Andrew Lawrence: I'm the target of a witch hunt | ...but Nigel Farage backs him

Andrew Lawrence: I'm the target of a witch hunt

...but Nigel Farage backs him

Stand-up Andrew Lawrence says he’s been the victim of a witch-hunt over his views on immigration and the ‘surreal diversity targets’ of the BBC.

Meanwhile his comments have attracted the backing of UKIP leader Nigel Farage, who praised his honesty’.

Lawrence caused an online storm at the weekend with controversial comments slating the ‘unmitigated disaster’ of immigration and blasting female and ‘ethnic’ comics on panel shows.

His comments attracted a deluge of criticism, which Lawrence says explains why so few right-wing comics are prepared to put their heads above the parapet.

Breaking his silence for the first time since the original post, Lawrence returned to Facebook to write: ‘The reason there are no right-leaning comics in this country is because whenever one has the balls to stand-up, they become the target of a witch-hunt. Where there should be balance, there is, terrifyingly, censorship.’

However his comments did attract supporters, too, including Farage who posted to his 160,000 Twitter followers: ‘It's rare to find someone so honest in the media, particularly in comedy. This is very interesting.’

In his original comments, Lawrence berated the ‘hack, boring and lazy’ comics who crack jokes about UKIP and claimed they only got work on the BBC because of liberal bias and ‘militant political correctness’.

Lawrence criticised the ‘moronic, liberal back-slapping on panel shows like Mock The Week where aging, balding, fat men, ethnic comedians and women-posing-as-comedians, sit congratulating themselves on how enlightened they are about the fact that UKIP are ridiculous and pathetic.’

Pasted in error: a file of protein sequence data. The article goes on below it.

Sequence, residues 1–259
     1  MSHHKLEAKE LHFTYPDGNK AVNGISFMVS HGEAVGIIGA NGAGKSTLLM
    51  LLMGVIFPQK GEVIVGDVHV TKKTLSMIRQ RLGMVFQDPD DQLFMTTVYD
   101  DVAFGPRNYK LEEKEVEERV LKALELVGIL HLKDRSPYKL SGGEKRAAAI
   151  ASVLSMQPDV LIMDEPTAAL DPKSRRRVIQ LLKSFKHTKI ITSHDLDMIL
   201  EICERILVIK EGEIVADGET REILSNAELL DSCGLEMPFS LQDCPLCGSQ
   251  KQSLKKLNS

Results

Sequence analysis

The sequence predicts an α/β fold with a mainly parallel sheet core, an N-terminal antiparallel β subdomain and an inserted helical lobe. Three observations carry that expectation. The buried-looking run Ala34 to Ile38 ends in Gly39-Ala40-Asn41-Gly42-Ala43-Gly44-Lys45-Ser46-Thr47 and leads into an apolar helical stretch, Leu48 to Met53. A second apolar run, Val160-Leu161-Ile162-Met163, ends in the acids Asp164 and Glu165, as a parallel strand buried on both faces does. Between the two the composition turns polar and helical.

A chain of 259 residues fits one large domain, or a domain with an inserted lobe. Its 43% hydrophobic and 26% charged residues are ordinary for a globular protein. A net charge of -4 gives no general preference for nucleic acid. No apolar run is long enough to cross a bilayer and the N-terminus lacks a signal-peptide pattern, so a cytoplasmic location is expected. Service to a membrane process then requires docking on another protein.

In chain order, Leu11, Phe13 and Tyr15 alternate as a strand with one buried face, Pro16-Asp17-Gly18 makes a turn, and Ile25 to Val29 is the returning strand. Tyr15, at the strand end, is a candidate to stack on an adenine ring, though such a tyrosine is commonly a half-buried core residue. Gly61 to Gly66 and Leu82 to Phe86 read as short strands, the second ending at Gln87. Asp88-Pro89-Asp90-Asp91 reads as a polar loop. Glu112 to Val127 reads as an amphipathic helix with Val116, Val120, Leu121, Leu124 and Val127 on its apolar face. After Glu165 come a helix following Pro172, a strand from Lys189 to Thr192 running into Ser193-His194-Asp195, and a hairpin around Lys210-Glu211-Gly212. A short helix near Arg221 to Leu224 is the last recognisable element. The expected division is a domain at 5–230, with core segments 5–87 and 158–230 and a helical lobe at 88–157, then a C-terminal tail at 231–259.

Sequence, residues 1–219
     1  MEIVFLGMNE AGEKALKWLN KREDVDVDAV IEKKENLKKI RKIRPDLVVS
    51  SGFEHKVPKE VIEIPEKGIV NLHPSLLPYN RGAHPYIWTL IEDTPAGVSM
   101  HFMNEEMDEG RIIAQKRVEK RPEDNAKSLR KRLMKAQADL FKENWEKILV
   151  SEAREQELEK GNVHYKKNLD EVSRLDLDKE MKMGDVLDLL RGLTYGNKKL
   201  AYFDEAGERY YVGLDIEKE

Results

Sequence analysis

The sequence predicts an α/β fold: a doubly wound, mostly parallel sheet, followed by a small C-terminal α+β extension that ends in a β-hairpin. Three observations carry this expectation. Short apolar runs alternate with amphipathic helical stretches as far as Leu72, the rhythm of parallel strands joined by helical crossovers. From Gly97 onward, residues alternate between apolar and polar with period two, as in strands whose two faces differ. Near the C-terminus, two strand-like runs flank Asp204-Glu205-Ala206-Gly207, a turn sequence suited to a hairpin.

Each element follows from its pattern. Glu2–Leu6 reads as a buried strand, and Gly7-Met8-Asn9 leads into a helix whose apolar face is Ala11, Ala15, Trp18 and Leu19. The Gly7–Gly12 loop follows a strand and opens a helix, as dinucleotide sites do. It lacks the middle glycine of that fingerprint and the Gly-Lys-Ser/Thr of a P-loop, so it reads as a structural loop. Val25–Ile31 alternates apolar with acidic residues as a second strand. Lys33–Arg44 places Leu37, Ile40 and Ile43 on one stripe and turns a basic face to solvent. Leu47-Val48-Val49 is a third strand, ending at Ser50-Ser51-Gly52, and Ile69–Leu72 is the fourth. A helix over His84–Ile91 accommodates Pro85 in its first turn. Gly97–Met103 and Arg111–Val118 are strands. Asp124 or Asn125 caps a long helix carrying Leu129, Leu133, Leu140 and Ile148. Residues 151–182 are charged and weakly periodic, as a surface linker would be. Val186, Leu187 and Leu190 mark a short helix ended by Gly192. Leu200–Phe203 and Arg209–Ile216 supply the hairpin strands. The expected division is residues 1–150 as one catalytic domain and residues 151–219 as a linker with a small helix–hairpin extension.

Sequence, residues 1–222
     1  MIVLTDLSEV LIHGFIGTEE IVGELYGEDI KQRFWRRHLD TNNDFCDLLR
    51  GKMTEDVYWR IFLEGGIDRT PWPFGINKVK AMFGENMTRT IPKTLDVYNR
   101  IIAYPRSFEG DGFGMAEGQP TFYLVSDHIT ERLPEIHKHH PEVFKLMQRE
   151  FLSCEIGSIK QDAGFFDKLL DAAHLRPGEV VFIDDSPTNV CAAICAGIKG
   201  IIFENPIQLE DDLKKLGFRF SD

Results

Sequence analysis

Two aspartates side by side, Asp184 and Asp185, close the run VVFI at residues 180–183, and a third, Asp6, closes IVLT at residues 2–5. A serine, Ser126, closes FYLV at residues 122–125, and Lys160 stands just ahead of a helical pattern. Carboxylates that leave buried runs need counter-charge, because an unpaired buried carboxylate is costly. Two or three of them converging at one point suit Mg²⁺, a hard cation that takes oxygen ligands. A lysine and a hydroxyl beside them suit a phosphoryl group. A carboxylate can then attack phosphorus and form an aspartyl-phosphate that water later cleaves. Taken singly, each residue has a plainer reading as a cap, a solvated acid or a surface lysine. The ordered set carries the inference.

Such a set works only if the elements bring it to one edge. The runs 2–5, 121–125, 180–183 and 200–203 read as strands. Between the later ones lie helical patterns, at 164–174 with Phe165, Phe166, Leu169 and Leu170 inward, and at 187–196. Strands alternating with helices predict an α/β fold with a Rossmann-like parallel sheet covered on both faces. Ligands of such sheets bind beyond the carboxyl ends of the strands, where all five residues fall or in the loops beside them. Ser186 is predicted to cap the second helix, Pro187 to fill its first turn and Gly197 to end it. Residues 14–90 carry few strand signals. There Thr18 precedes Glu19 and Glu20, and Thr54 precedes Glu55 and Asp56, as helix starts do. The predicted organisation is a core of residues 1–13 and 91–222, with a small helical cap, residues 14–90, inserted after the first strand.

He went on to say ‘there are far,far too many people living here’ and that: ‘The reason UKIP have resonated with voters is because all the other parties are too spineless to tackle the issue of immigration.’

Despite resonating with the ethos of Farage’s party, Lawrence said: ‘Can’t say that I'm a UKIP supporter, but I can see why other people are, and I don't disrespect them for it.’

When taken to task on Twitter over his 'women-posing-as-comedians' jibe, Lawrence responded: 'That's what they are. Open-spots who've taken easy breaks that have been gifted to them. Can't say I blame them, I'd do the same.’

Lawrence has today added some 'clarifications' to his original post, which he said 'attracted a level of attention I neither wanted, nor courted'.

He explained that 'ethnic comedian' was meant to describe 'a comedian from a minority background who uses their own ethnicity as a foundation for the whole of their act, rather than looking at wider aspects of society and exploring outside of their own personal experience.'

While the contentious 'women-posing-as-comedians' line he says was aimed at those booked onto panel shows to fulfil the BBC's 'aggressive diversity politics'. It has been well-reported that BBC director of television Danny Cohen wanted one woman on every panel show.

Lawrence explained: 'Because there is currently not a sufficiently large enough pool of female comedians with the requisite experience and ability to fill the quota, there are females who've been booked for these shows who are either poor comedians, not comedians at all, or aspiring female comedians that are still learning their craft, but have not yet reached a decent professional standard.

'These females I have described as "women-posing-as-comedians".

'The upshot of all that is that there are still many women coming across incredibly badly on panel shows, which is helping to perpetuate the myth that women aren't funny.'

He added in the new comments on Facebook: 'Unfortunately for every female who gets on a panel show, there are very many male comedians with more ability and experience who are not and will never get the opportunity to be on one. I think that's a great shame for TV audiences.

'There are also male comedians who've been doing these shows for far too many years and have become incredibly stale, too lazy to move on to other things.Some of them are fat and balding.

'Oh, and I don't have a problem with properly regulated immigration and I don't have a problem with immigrants. I do have a great deal of concern about the lack of border controls in this country and subsequent gross overpopulation as a result of EU legislation, which I believe adversely affects all our quality of life.'

Despite his complaints against the BBC, he has recorded three series for Radio 4, with a fourth, entitled There Is No Escape, coming this autumn. BBC radio chiefs have previously bemoaned the difficulty in finding right-wing comics for shows such as The News Quiz.

Published: 28 Oct 2014

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